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Annotated Fairy Tales: Two Cinderellas

Hey, gang!

Time for yet another installment of Ursula Comments On Peculiar Fairy Tales. This time, since they’re both short, we’re doing two versions of Cinderella. One is Greek and one is from Georgia (Not the one with Atlanta.) They both have some very odd moments, but since neither is very long, it’d be a short commentary of either one on their own.

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“Oh god, make me an ostrich”?

I'm impressed (not necessarily in a good way, mind you) by the prince who decided he would marry only the person who fitted the shoe found in the river - a person he knew nothing about except that they took a size six-and-a-half Shoe Of Awesomeness. She coulda been anybody.

...I'm thinking shoe fetishist who couldn't think of any better way to make sure he got to keep the Awesome Shiny Shoe (and its pair) around. XD

I think the earliest Cinderella type story was from China, and he does decide to marry her immediately on seeing the shoe without ever having seen her. But it kind of makes sense for a culture that considered small feet really, really important to female beauty (even if it still makes the prince rather shallow).

Umm I wonder if "dry throat" is a euphemism for hanging or something like that?

Did they have turkeys in Georgia?

The Georgian tale uses some tropes that remind me of classic Arab folktales. For instance, the opening:

There was and there was not, there was a miserable peasant.

is similar to an Arab storyteller's formulaic opening: "There may or may not have been an X who did Y, but only Allah knows for sure..." which was used because it was sinful to tell lies--such as misleading your audience that a fictional tale really happened.

The devi with the worms in her head reminds me of the ghouls with matted hair in several Arab folktales, who rewarded compassionate and pious young heroes who greeted them in the name of Allah and combed their matted hair which they could not reach themselves. (Arab ghouls are more like djinni than zombies, complete with wish-granting and sage advice, but they do like to eat people. Afterthought--actually, with the hairiness, magical powers, long claws, occasional powers of illusion, they read like Indian rakshasha that got around a bit. )

Edited at 2012-07-31 02:22 am (UTC)

Totally OT, but I found this and thought you'd like it: http://youtu.be/hLL4ZrZeN3s (Video of a baby wombat)

Hi, sort of new person here. I've been reading the annotated fairy tales for a while and enjoying them greatly.

The beginning of Saddleslut seems almost like a ritual sacrifice to me. I vaguely remember something about a cult of women in Ancient Greece who would reroof a temple and anyone who dropped part of the roof was killed and eaten (although considering I can't even *remember* my sources I can't vouch for their accuracy). The fact that they all seem to be Christian later suggests that either I'm imagining the similarities to a sacrifice or the origins of the story were rather thoroughly forgotten though.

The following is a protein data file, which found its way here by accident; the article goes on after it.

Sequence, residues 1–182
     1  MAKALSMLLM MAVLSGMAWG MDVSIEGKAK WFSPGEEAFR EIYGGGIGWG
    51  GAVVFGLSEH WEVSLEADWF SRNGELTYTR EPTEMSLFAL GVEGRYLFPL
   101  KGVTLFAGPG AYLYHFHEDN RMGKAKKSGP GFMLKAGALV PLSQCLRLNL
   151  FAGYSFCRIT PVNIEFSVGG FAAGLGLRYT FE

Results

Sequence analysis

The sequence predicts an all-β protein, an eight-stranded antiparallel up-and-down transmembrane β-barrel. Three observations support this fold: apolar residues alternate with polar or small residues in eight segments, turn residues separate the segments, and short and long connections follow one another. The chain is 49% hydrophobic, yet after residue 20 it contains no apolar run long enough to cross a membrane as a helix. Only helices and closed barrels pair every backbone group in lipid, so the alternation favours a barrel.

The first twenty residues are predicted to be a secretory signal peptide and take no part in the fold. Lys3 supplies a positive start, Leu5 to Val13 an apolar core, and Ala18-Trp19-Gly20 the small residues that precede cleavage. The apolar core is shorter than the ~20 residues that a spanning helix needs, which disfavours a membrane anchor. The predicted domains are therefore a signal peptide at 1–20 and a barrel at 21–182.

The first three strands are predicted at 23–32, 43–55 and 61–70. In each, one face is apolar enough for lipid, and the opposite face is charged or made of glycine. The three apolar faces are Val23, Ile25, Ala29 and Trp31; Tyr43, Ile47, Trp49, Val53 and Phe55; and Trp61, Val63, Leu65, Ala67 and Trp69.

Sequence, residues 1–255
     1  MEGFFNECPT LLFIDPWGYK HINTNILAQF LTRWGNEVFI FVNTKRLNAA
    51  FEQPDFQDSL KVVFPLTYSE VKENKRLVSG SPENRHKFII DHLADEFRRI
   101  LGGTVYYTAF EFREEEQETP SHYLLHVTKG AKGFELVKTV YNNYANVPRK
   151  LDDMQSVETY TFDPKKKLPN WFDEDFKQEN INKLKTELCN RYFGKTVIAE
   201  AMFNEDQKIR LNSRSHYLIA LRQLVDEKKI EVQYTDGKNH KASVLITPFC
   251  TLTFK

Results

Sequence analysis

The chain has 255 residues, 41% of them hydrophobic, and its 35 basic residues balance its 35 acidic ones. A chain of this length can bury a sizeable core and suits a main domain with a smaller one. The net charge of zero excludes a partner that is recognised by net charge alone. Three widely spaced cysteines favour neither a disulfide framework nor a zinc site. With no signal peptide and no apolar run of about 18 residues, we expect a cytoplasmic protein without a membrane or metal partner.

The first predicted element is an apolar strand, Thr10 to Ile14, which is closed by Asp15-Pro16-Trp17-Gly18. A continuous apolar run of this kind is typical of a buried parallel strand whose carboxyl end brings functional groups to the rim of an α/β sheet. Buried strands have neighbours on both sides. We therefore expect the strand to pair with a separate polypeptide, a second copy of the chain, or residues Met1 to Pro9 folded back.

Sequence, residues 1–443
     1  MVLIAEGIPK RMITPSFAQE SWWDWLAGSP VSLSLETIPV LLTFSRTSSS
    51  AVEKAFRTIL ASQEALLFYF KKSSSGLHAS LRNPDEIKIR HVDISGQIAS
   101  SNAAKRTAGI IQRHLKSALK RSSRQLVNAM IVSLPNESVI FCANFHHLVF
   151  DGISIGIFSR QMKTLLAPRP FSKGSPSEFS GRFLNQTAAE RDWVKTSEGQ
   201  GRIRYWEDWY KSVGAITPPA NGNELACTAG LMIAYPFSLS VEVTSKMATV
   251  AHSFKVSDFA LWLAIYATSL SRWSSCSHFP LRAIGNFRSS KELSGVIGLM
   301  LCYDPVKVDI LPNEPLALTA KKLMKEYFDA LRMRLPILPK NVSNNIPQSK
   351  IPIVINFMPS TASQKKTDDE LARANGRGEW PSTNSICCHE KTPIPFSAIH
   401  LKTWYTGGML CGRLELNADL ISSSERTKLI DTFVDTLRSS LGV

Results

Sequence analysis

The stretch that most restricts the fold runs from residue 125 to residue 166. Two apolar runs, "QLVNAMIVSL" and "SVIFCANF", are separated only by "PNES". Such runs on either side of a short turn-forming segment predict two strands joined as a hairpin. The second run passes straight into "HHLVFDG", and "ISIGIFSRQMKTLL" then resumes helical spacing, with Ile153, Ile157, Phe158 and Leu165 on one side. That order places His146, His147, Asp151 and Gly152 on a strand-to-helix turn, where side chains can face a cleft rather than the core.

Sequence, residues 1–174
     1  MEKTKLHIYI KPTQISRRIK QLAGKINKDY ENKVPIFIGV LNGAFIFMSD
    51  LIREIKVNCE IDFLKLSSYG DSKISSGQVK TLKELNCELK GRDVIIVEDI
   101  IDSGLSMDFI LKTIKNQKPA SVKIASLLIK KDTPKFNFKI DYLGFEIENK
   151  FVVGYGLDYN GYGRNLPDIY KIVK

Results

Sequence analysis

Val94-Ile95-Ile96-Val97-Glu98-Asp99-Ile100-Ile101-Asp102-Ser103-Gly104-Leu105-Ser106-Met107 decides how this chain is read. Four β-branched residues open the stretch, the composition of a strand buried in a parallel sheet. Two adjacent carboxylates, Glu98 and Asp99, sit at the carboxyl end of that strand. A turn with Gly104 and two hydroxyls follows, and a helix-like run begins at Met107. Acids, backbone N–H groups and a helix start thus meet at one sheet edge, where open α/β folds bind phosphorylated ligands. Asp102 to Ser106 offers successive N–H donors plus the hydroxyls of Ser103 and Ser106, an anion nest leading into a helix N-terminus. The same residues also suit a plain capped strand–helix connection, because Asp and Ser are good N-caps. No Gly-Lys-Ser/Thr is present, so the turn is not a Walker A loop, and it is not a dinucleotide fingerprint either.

Oh, boy, that Greek tale was simply all over the place. I suspect that this particular story involved the storyteller pulling stuff out of his rear end constantly. At least it had a good opener!

The Georgian variation was a lot more interesting. You have a girl with a stomach of iron removing parasites from an old woman's head, clever neighbors who help out for no reason other than to be neighborly, Baba Yaga, and needle-turkeys! Certainly one of the better Cinderella stories I've read.

Enchanted were-peahens are still better than needle-turkeys though, in my opinion.

Edited at 2012-08-01 01:36 am (UTC)

You'd think everyone would recognise Little Rag Girl on account of how her head and hands have got the shiniest spray-tan in the universe. But no, it just doesn't come up again as an identifying feature!

(Just popping back to grumble at Livejournal for marking my previous comment as spam. I swear it's not! It's just got links.)

Actually, the first thing that came to mind was that the phrase "left with a dry throat" was an euphemism for the stepmother being killed.

So many of these stories feel like they've been poorly translated... or rather, that someone Babelfish-ed by using a [Language]-to-English Dictionary.

I tried looking up more about the term "devi," and now I'm hopelessly nerd-sniped. The etymological dictionary I found for the Kartvelian language family, of which Georgian is a member, doesn't turn up any matches for terms like "ogre" and "giant." So it might be a borrowing into Georgian from a nearby Indo-European language, like Farsi, which took the Proto-Indo-European "deva," god, and made it into "daeva," demon. In which case the Georgian devis might also have a demonic aspect to them? But I can't actually find anything definitive on the origin of the term. :(

Although I did discover, in the course of my search, that the Georgian name for Baba Yaga is Ru-kap. So that's a thing.